Reverse supply network design for circular economy pathways of wind turbine blades in Europe

Athanasios Rentizelas, Nikoletta Trivyza, Sarah Oswald, Stefan Siegl

Research output: Contribution to journalArticlepeer-review

Abstract

Wind energy installations are increasing rapidly and so is their end-of-life waste. Wind turbine blades consist primarily of glass fibers and are usually landfilled. Given the significant amounts of blade waste expected in the future, circular economy pathways need to be identified for this waste stream. This study investigates the feasibility of the circular economy pathway of mechanical recycling for reuse of end-of-life blades at composite material manufacturing, while optimising the required reverse supply network design in Europe, for 2020 and for 2050. This is achieved through formulating and solving to optimality a Mixed Integer Linear Programming model for the wind blades Supply Chain Network Design problem. The findings indicate a semi-decentralised optimal network design, with 3-4 processing facilities proposed around Europe in all scenarios. The proposed circular economy pathway is economically viable without additional policy support only in 2050; while focusing the efforts only in more favourable areas of end-of-life blade availability can reduce system-wide costs. This study contributes to academic knowledge by formulating and solving for the first time the Supply Chain Network Design problem for end-of-life wind blades and to practice and policy-making by providing insights on the optimal network design, its feasibility and the related implications.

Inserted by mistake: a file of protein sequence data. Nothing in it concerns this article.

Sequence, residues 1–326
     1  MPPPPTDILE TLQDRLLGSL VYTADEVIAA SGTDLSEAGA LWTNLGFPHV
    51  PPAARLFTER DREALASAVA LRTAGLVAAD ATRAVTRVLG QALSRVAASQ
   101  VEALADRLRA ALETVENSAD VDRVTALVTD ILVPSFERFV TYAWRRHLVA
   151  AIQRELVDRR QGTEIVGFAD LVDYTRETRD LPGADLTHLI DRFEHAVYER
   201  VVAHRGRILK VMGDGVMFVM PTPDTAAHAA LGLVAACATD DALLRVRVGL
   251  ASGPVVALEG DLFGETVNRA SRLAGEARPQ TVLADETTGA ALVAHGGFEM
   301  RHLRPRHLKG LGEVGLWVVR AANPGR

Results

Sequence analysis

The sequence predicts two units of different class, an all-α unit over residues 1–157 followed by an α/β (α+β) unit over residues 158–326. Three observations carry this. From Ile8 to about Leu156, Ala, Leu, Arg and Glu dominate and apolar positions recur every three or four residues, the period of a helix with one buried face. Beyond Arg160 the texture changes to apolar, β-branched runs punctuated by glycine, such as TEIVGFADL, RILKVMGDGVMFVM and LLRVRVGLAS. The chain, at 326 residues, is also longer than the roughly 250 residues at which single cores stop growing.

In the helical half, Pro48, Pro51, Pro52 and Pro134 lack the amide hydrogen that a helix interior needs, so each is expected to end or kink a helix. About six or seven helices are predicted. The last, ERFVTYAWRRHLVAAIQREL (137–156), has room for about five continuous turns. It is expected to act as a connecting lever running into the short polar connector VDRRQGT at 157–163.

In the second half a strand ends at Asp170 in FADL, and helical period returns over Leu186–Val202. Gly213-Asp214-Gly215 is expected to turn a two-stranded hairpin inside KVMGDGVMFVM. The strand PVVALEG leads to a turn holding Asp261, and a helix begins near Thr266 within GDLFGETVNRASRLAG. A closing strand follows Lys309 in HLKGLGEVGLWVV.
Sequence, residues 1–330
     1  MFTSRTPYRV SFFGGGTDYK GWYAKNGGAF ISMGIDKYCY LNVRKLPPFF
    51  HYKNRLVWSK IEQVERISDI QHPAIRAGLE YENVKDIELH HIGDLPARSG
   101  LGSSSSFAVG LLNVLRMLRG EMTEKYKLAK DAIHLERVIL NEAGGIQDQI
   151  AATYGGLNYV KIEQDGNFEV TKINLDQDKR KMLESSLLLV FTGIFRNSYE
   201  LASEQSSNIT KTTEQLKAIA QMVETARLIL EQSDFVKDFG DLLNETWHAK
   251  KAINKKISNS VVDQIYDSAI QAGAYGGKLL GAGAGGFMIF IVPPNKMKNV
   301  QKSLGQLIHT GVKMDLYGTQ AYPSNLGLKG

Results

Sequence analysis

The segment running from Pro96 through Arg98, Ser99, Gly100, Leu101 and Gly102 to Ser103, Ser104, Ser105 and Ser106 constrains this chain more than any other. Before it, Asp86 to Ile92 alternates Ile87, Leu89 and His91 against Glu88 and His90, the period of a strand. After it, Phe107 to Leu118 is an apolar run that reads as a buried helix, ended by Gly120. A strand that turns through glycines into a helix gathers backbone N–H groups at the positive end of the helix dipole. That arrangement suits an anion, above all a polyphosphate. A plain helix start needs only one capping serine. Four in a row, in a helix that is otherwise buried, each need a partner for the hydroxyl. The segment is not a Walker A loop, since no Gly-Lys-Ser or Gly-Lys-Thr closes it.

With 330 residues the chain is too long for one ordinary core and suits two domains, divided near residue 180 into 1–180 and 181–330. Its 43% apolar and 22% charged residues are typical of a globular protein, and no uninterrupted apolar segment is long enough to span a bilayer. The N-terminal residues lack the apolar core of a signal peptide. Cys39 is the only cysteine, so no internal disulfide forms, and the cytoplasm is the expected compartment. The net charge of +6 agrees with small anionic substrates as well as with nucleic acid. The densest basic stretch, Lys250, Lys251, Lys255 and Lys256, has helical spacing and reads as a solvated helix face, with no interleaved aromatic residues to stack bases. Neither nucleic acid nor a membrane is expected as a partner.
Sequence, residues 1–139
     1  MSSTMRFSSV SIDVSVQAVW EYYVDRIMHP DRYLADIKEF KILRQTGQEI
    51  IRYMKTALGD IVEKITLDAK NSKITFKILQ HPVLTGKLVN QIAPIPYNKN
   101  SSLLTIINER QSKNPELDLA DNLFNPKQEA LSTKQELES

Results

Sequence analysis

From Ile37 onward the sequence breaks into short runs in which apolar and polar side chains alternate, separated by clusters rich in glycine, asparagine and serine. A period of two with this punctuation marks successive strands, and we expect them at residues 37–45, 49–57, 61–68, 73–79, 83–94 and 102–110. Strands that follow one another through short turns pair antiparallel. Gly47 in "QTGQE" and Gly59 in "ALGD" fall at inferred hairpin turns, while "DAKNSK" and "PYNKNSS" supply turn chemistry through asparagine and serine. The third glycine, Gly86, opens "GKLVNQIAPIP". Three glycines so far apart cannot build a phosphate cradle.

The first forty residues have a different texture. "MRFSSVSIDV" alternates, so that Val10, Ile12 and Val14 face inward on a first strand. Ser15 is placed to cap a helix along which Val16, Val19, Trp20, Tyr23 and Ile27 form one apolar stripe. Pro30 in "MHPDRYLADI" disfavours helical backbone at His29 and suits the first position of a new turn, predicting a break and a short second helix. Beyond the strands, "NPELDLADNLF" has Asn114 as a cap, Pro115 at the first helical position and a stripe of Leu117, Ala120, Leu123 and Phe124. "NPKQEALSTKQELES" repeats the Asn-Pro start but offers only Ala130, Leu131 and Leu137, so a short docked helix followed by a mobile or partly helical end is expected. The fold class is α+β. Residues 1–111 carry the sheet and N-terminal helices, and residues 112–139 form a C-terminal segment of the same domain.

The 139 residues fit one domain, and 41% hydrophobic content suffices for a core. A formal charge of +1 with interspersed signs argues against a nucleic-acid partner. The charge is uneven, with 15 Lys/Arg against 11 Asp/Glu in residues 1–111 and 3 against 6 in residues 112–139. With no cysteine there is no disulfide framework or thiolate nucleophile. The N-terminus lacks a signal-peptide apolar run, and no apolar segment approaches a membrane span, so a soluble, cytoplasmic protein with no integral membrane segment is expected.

Original languageEnglish
JournalInternational Journal of Production Research
Publication statusAccepted/In press - 18 Dec 2020

Keywords

  • glass fibers
  • reverse logistics
  • optimisation
  • recycling
  • wind turbine blades
  • circular economy

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